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4 reasons the MCCA should lower its car insurance assessment

lower MCCA assessment

Yesterday, I wrote that it’s time for the  Michigan Catastrophic Claims Association (MCCA) assessment to be reduced for Michigan drivers in 2015-16.  This was based upon strong financial news as reported in the MCCA Annual Report.

Cutting the assessment would save drivers money – right now – on car insurance. Currently, the MCCA’s assessment is $186, where it has remained for the past two fiscal years. Here’s more information on why I believe the MCCA should cut its assessment.

1. MCCA’s deficit shrunk $1.4 billion between 2013 and 2014

Astonishingly, the MCCA’s deficit shrunk by nearly $1.5 billion in just one year.

Specifically, the MCCA deficit amount dropped by $1,461,790,000.  The deficit has been reduced from $1,872,322,000 in 2013 to $410,532,000 in 2014.

Of course, $410 million is still a ton of money. But it’s a lot better than a deficit of $2 billion, which is where we were only two years ago.

Significantly, in the MCCA’s Annual Report for the fiscal year ending June 30, 2014, the MCCA credits two factors with the reduction in its deficit:

  • “Better than expected performance in the stock market.”
  • “The deficit recoupment of $29.19 per car that was included in the assessment rate of $186 per car.”

The chart below shows the MCCA deficit trends from 2010 through 2014:

MCCA deficit trends 2010 to 2014

(Sources: Michigan Catastrophic Claims Association Annual Report to the Director of Department of Insurance and Financial Services (DIFS) (For fiscal years ending June 30, 2014 and June 30, 2013); Michigan Catastrophic Claims Association Annual Report to the Commissioner (For fiscal years ending June 30, 2012, and June 30, 2011))

Note: The actual deficit figures are reported as “Total Deficit” or “Total Surplus” in the “MCCA Financial and Statistical Highlights” section of the MCCA’s Annual Report.

2. MCCA’s claims reserves increased more than $500 million

The MCCA’s reserves increased by more than $500 million between 2013 and 2014, bringing the MCCA’s total reserves amount to $16,855,230,000.

As the chart below shows, the MCCA’s reserves increased $918 million between 2012-13 and $1.6 billion between 2011-12.

MCCA claim reserves 2010 to 2014

(Sources: Michigan Catastrophic Claims Association Annual Report to the Director of Department of Insurance and Financial Services (DIFS) (For fiscal years ending June 30, 2014 and June 30, 2013); Michigan Catastrophic Claims Association Annual Report to the Commissioner (For fiscal years ending June 30, 2012, and June 30, 2011))

The MCCA’s “reserves,” which are identified as “Discounted loss reserves” in the MCCA’s Annual Report to DIFS Director/Commissioner, is the amount of money the MCCA sets aside or saves to use to pay for present and/or future open catastrophic claims.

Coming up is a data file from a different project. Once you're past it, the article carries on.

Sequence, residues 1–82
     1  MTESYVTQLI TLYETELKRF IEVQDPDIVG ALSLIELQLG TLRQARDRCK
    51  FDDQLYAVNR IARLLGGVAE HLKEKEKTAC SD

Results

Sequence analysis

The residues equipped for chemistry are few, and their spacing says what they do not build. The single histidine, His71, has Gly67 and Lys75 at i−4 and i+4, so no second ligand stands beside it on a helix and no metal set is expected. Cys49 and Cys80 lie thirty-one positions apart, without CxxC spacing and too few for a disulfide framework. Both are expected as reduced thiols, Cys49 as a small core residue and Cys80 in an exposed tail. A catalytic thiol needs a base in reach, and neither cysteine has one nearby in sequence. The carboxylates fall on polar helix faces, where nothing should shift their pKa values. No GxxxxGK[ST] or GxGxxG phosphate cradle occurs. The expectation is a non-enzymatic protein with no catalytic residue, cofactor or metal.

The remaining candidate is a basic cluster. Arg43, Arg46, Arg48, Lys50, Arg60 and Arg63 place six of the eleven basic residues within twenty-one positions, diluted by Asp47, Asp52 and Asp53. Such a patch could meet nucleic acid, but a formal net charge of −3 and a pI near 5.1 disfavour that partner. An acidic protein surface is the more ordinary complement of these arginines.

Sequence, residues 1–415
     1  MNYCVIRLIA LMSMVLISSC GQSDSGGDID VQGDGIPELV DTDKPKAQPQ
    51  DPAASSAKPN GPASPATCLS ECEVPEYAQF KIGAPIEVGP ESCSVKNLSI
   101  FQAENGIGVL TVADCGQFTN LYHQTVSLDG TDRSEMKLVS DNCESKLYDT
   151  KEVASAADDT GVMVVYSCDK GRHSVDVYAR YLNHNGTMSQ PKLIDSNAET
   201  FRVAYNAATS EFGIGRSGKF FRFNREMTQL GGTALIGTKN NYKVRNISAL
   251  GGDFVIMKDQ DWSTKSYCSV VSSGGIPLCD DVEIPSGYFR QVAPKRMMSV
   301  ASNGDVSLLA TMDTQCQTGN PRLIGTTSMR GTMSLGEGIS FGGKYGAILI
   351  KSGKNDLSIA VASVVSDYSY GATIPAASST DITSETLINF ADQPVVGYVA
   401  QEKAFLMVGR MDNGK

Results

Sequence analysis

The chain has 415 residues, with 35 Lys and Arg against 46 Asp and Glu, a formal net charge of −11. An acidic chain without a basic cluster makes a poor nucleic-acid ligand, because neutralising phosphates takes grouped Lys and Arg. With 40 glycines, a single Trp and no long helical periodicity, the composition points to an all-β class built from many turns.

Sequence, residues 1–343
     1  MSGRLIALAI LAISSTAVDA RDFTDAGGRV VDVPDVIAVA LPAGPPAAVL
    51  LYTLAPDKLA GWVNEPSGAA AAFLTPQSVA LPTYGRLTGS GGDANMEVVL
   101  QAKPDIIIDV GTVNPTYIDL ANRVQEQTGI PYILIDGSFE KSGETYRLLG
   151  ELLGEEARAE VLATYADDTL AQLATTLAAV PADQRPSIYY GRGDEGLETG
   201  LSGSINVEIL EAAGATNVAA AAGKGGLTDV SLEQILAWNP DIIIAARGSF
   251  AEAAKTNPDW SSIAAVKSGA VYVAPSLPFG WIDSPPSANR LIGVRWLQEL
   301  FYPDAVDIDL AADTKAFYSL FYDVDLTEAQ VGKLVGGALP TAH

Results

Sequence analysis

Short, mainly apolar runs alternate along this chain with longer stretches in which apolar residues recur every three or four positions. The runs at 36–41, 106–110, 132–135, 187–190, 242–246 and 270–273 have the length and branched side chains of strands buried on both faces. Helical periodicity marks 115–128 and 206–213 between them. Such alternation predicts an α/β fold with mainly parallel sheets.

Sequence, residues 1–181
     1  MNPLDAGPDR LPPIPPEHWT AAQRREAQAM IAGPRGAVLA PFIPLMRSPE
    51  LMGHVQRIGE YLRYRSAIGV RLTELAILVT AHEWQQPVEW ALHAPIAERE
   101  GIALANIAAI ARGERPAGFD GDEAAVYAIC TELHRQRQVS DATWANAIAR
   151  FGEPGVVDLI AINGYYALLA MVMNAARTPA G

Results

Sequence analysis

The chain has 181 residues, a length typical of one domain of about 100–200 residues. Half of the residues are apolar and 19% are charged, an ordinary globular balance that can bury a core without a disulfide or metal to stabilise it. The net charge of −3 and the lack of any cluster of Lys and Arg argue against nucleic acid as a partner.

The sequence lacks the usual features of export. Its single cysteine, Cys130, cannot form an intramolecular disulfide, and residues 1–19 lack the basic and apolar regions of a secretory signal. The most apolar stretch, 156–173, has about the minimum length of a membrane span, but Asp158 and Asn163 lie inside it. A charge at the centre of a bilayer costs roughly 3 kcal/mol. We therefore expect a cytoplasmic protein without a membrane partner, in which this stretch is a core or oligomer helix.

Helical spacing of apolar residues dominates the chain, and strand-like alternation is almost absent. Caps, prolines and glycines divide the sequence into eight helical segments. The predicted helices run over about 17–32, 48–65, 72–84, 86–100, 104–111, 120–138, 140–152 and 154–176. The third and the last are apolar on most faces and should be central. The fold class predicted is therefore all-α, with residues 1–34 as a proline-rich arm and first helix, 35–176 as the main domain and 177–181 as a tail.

(*The loss reserves information above reflects reserves from July 1, 1978, date of inception for the MCCA, through June 30 of the years indicated.)

3. MCCA’s assessment income exceeded reimbursement payouts by $253 million – an increase of more than $100 million

In 2014, the MCCA’s income from assessments exceeded its reimbursement payouts by $253 million – an increase of more than $100 million over 2013 when the MCCA’s assessment income exceeded payouts by $69 million.

MCCA assessment income 2010 to 2014

(Sources: Michigan Catastrophic Claims Association Annual Report to the Director of Department of Insurance and Financial Services (DIFS) (For fiscal years ending June 30, 2014 and June 30, 2013); Michigan Catastrophic Claims Association Annual Report to the Commissioner (For fiscal years ending June 30, 2012, and June 30, 2011))

4. Reported catastrophic injury claims are lower today than five years ago

The number of catastrophic injury claims reported to the MCCA were lower in 2014 than they were five years ago.

In 2014, there were 1,669 “reported claims” whereas in 2010 there were 1,684. However, reported claims did increase by 280 between 2013-14.

The chart below shows the MCCA’s “reported claims” trends for 2010 through 2014:

MCCA catastrophic claims 2010 to 2014

(Sources: Michigan Catastrophic Claims Association Annual Report to the Director of Department of Insurance and Financial Services (DIFS) (For fiscal years ending June 30, 2014 and June 30, 2013); Michigan Catastrophic Claims Association Annual Report to the Commissioner (For fiscal years ending June 30, 2012, and June 30, 2011))

How does the MCCA work?

The MCCA reimburses No-Fault insurance companies for medical claims that exceed $530,000. No Fault insurance companies charge auto insurance consumers an annual per-vehicle assessment to cover the cost of the claims.

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Blog Author Steven M. Gursten
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